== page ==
Last week, the House of Representatives passed a bill that would legalize marijuana by a 220-204 vote. However, this is not the first time such a bill passed the House in the last few years. The Democrats who are determined to get this bill passed will not get it passed by the Republicans in the Senate. The bill is important because drug laws, including cannabis crimes, unjustly affect Black Americans. Black people are four times as likely to be arrested for cannabis crimes. Legalizing marijuana is just one more step in the right direction of establishing equality for all.
There may be other cannabis bills in Congress coming down the pick soon. But the Democrats will still need Republican votes to get it passed in the Senate. History shows little support for the cannabis laws among Republican lawmakers.
The big issue that remains is that while more and more states legalize marijuana in some ways, marijuana possession and use is still a federal crime. While the judiciary is developing creative ways to avoid penalizing persons with marijuana for past and present crimes, there still needs to be consistency. The only way to achieve that is by a federal law legalizing marijuana.
One creative solution was seen by the 1st Circuit Court of Appeals in United States v. AbdulAziz,—F.3d—, 2021 WL 2217452 (1st Cir. Jun. 2, 2021), wherein a sentence for a 922(g) conviction the Court found that the district court improperly considered the client’s 2014 Massachusetts conviction for possession with intent to distribute marihuana a “controlled substance offense” under 2K2.1/4B1.2. The reasoning was that by the time of the defendant’s September 2019 federal sentencing, the feds had amended their definition of marihuana to exempt hemp (cannabis with a THC concentration of not more than .3%.) Similarly, the 9th Circuit explained in US v. Bautista, 989 F.3d 698 (9th Cir. 2020), as amended on denial of reh’g (Feb. 26, 2021), low-THC cannabis is no longer a “controlled substance” under federal law because Congress amended the definition of marijuana on in the Agricultural Improvement Act of 2018. And before that date, the federal government (like most if not all states) defined marijuana in a way that included low-THC cannabis. Therefore, pre-12/20/2018 marijuana convictions could have been for low-THC cannabis, and those convictions do not trigger career offenders.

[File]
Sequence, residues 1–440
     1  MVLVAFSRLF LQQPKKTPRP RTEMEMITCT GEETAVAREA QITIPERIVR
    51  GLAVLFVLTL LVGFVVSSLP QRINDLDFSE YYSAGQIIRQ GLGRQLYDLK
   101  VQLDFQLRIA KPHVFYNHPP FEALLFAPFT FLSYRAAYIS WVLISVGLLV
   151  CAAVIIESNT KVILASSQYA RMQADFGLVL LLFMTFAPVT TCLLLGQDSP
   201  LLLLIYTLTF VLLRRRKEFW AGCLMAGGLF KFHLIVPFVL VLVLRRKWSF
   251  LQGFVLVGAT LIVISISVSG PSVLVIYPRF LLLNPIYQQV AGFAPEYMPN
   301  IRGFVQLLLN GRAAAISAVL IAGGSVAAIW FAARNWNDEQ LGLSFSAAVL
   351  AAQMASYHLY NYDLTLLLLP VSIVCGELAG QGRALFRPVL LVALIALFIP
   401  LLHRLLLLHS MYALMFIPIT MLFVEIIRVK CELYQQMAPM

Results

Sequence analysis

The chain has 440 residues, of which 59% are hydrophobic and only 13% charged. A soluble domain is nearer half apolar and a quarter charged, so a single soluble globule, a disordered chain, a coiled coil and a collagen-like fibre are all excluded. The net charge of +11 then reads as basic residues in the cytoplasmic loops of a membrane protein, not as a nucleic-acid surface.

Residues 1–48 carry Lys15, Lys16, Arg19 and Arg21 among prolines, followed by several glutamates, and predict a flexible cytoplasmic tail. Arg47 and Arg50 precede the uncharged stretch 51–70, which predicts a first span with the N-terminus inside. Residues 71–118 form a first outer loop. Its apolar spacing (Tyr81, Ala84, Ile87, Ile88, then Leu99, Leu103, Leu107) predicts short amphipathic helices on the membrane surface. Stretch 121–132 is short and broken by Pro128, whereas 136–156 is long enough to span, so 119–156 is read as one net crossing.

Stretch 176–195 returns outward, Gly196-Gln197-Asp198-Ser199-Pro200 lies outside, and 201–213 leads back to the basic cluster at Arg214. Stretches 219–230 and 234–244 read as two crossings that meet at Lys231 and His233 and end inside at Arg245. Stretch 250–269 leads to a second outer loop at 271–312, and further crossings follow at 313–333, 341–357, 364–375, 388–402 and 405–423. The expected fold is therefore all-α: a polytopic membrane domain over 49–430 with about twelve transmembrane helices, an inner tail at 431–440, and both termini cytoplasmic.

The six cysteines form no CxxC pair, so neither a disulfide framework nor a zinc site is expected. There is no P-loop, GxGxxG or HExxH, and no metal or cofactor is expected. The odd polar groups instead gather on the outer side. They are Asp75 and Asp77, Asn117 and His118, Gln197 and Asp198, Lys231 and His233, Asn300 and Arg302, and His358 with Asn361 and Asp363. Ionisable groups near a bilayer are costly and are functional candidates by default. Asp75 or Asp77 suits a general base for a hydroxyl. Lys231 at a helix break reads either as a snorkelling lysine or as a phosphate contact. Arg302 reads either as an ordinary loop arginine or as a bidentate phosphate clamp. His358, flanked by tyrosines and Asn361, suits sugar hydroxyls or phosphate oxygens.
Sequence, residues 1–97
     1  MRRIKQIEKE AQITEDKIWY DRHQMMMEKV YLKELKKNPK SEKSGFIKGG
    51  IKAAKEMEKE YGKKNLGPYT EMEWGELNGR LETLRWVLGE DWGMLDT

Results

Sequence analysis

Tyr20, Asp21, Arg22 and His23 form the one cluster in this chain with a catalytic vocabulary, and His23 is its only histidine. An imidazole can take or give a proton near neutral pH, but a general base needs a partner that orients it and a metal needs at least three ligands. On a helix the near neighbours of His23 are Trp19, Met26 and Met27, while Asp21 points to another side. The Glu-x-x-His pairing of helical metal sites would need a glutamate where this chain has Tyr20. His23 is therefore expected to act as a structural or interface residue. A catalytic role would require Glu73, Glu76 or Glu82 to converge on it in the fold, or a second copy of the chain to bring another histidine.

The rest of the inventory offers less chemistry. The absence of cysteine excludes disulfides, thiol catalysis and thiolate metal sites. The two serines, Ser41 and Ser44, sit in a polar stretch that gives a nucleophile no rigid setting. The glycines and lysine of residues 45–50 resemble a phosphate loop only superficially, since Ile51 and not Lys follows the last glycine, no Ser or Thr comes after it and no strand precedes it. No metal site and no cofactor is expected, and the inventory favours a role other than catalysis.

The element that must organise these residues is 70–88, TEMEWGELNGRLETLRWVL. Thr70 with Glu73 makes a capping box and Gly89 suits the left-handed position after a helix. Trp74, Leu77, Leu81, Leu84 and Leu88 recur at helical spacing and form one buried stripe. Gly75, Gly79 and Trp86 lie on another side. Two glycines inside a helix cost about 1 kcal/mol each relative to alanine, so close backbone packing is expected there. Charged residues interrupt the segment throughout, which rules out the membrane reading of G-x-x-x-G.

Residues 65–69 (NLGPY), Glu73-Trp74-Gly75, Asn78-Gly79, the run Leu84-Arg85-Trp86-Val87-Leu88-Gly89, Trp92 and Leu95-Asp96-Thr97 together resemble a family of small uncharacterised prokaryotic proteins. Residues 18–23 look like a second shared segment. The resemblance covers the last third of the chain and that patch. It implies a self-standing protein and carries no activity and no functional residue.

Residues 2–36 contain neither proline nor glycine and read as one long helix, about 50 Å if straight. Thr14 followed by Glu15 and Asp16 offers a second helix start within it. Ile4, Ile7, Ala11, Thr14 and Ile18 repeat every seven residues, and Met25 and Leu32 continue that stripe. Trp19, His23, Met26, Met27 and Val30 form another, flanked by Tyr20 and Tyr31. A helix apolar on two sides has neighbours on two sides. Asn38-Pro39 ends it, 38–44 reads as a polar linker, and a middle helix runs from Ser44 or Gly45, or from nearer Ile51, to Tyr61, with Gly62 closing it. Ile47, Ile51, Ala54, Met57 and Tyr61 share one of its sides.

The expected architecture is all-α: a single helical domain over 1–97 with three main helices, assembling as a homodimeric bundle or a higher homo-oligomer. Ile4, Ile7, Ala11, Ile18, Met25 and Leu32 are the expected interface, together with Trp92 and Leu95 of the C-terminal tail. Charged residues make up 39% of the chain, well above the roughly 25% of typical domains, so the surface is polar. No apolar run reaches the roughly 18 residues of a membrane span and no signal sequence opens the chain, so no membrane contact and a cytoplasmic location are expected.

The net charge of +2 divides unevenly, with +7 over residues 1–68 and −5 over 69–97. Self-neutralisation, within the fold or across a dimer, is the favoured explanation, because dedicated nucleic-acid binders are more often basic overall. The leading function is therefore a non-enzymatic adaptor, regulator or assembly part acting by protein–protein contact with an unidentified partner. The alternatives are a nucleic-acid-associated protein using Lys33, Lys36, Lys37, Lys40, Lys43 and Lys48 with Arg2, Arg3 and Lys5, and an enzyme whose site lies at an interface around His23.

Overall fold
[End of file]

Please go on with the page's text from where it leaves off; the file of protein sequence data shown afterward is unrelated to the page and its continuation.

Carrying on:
And in New Jersey, Judge Wolfson recently determined that a prior conviction of a defendant for third-degree possession of marijuana with intent to distribute, in violation of N.J. Stat. Ann. § 2C:35- 5a(1), b(11), did not qualify as a controlled substance offense under U.S.S.G. § 2K2.1(a)(4)(A), because the New Jersey definition of marijuana is broader than that of its federal counterpart U.S. v. Lewis, 20 cr 583 (August 10, 2021).
To discuss the federal criminal defense update, or criminal law more generally, reach out to New Jersey and New York criminal defense lawyer Lorraine Gauli-Rufo at 973-239-4300 or at LGR LAW for a consultation today. For more information about the firm, please visit LGR LAW’s website.